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Community Mental Health Journal

, Volume 49, Issue 4, pp 457–465 | Cite as

Adverse Impact of Coercive Treatments on Psychiatric Inpatients’ Satisfaction with Care

  • Jennifer L. Strauss
  • Jennifer B. Zervakis
  • Karen M. Stechuchak
  • Maren K. Olsen
  • Jeffrey Swanson
  • Marvin S. Swartz
  • Morris Weinberger
  • Christine E. Marx
  • Patrick S. Calhoun
  • Daniel W. Bradford
  • Marian I. Butterfield
  • Eugene Z. Oddone
Original Paper

Abstract

Consumers’ satisfaction with inpatient mental health care is recognized as a key quality indicator that prospectively predicts functional and clinical outcomes. Coercive treatment experience is a frequently cited source of dissatisfaction with inpatient care, yet more research is needed to understand the factors that influence consumers’ perceptions of coercion and its effects on satisfaction, including potential “downstream” effects of past coercive events on current treatment satisfaction. The current study examined associations between objective and subjective indices of coercive treatments and patients’ satisfaction with care in a psychiatric inpatient sample (N = 240). Lower satisfaction ratings were independently associated with three coercive treatment variables: current involuntary admission, perceived coercion during current admission, and self-reported history of being refused a requested medication. Albeit preliminary, these results document associations between patients’ satisfaction ratings and their subjective experiences of coercion during both current and prior hospitalizations.

Keywords

Satisfaction Coercion Treatment history Severe mental illness Involuntary commitment Veteran 

Notes

Acknowledgments

The views expressed in this manuscript are those of the authors and do not necessarily represent the views of the Department of Veteran Affairs or United States Government. The authors have no competing interests. Partial support for this research was provided a by grant to Marian I. Butterfield, from the Department of Veteran Affairs, Veterans Health Administration, through a VA Merit Review Grant PCC 02-054 and an Advanced Research Career Development Award (RCD 00-019). Dr. Butterfield died on June 26th, 2006 after a courageous five-year battle with breast cancer. The authors would like to acknowledge her work on the research described in this report and celebrate her many significant contributions to the field of psychiatry and to the care of our nation’s veterans. Additional support for this manuscript was provided by a VA Research Career Development Award (RCD-06-020) and Associate Investigator Award (AIA 04-025) to J.L.S., a VA Research Career Development Transition Award to C.E.M., and the Mid-Atlantic Mental Illness Research Education and Clinical Center (MIRECC). M. W. was supported by an HSR&D Senior Research Scientist award from Department of Veterans Affairs (RCS 91-408).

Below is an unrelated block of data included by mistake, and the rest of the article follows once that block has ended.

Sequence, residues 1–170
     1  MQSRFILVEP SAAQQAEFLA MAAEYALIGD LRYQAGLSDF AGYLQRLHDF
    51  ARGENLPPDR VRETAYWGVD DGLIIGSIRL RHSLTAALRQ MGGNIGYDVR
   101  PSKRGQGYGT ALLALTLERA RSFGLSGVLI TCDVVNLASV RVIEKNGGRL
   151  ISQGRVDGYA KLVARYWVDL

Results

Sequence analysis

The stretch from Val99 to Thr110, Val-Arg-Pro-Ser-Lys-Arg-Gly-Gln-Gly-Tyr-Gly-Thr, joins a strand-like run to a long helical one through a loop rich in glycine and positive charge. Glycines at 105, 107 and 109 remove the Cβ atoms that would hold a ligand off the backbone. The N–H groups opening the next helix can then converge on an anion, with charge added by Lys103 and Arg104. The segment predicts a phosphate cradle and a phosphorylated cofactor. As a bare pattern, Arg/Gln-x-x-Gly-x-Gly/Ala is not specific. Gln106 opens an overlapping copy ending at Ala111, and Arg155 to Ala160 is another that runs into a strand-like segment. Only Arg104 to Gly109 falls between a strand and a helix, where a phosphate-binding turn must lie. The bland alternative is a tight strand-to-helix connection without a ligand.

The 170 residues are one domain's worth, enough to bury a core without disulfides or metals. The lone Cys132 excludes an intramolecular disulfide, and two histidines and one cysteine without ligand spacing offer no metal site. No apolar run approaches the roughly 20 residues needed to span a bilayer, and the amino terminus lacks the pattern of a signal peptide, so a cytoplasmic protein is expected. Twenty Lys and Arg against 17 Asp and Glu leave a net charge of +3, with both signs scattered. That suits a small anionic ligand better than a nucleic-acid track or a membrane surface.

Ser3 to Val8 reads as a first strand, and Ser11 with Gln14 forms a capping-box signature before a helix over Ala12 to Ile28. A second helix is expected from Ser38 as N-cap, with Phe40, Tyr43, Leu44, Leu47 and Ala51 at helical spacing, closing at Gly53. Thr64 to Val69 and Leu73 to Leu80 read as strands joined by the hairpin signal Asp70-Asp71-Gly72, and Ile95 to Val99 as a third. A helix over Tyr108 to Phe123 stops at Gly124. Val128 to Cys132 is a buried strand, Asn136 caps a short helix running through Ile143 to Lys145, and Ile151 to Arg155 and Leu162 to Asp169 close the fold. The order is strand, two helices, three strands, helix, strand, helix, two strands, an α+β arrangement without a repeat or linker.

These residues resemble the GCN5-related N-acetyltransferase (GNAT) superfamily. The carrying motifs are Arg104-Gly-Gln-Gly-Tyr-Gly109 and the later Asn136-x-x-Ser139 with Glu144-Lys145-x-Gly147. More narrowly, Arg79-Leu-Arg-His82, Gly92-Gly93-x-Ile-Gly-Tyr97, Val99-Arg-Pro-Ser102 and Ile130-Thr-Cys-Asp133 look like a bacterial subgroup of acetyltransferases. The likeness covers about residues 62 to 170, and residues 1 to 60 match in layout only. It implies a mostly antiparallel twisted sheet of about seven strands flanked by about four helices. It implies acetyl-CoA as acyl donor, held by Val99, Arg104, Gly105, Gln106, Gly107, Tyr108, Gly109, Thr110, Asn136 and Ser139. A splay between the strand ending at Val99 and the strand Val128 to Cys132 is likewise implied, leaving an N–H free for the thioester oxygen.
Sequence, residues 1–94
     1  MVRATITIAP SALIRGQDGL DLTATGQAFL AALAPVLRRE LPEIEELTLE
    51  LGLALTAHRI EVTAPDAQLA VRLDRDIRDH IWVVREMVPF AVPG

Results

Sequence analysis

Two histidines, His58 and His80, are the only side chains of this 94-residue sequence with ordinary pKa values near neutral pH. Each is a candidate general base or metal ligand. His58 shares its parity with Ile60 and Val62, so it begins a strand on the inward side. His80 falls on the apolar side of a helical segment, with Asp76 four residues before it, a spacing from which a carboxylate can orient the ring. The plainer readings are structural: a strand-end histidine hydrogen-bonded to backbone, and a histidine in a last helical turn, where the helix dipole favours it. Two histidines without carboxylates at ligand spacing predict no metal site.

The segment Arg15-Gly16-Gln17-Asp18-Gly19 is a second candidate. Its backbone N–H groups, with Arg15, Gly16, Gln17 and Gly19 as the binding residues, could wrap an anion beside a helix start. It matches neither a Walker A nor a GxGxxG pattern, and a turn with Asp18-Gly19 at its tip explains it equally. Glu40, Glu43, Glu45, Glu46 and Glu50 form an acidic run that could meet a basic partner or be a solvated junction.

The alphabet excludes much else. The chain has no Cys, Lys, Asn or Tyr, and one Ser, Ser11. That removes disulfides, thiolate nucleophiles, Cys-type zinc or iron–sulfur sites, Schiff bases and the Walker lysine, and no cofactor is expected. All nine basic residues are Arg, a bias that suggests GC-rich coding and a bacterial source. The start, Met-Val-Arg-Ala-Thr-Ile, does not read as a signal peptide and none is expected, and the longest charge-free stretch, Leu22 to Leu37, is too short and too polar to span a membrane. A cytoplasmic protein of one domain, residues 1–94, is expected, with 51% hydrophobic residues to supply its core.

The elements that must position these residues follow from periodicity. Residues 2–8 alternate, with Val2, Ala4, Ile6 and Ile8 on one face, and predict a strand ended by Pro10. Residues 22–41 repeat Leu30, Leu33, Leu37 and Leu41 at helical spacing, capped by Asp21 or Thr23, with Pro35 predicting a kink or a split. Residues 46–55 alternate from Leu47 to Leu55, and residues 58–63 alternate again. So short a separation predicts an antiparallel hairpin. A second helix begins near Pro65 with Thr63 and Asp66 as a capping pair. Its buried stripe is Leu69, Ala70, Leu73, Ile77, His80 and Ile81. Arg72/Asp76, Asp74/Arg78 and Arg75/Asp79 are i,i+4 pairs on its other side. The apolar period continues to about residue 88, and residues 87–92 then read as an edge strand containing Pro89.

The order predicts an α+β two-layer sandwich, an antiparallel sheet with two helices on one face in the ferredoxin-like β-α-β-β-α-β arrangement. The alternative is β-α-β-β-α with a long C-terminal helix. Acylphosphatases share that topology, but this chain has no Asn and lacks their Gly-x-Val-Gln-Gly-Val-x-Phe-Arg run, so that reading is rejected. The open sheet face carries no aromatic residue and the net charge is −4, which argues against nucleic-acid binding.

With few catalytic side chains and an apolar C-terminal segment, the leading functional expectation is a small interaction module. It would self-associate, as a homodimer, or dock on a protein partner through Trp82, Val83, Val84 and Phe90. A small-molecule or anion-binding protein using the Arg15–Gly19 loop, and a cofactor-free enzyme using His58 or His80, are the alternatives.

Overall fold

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Copyright information

© Springer Science+Business Media, LLC (Outside the USA) 2012

Authors and Affiliations

  • Jennifer L. Strauss
    • 1
    • 3
    • 4
  • Jennifer B. Zervakis
    • 2
  • Karen M. Stechuchak
    • 2
  • Maren K. Olsen
    • 2
    • 5
  • Jeffrey Swanson
    • 3
  • Marvin S. Swartz
    • 3
  • Morris Weinberger
    • 2
    • 6
  • Christine E. Marx
    • 3
    • 4
    • 7
  • Patrick S. Calhoun
    • 2
    • 3
    • 4
  • Daniel W. Bradford
    • 3
    • 8
  • Marian I. Butterfield
    • 2
    • 3
    • 4
  • Eugene Z. Oddone
    • 2
    • 9
  1. 1.Center for Health Services Research in Primary CareDurhamUSA
  2. 2.Center for Health Services Research in Primary CareDurhamUSA
  3. 3.Department of Psychiatry and Behavioral SciencesDuke University Medical CenterDurhamUSA
  4. 4.Mid-Atlantic Mental Illness Research Educational and Clinical CenterDurhamUSA
  5. 5.Department of Biostatistics and BioinformaticsDuke UniversityDurhamUSA
  6. 6.Department of Health Policy and ManagementUniversity of North Carolina at Chapel HillChapel HillUSA
  7. 7.Mental Health Service LineDurham VA Medical CenterDurhamUSA
  8. 8.Psychosocial Rehabilitation and Recovery CenterDurham VA Medical CenterDurhamUSA
  9. 9.Department of MedicineDuke University Medical CenterDurhamUSA

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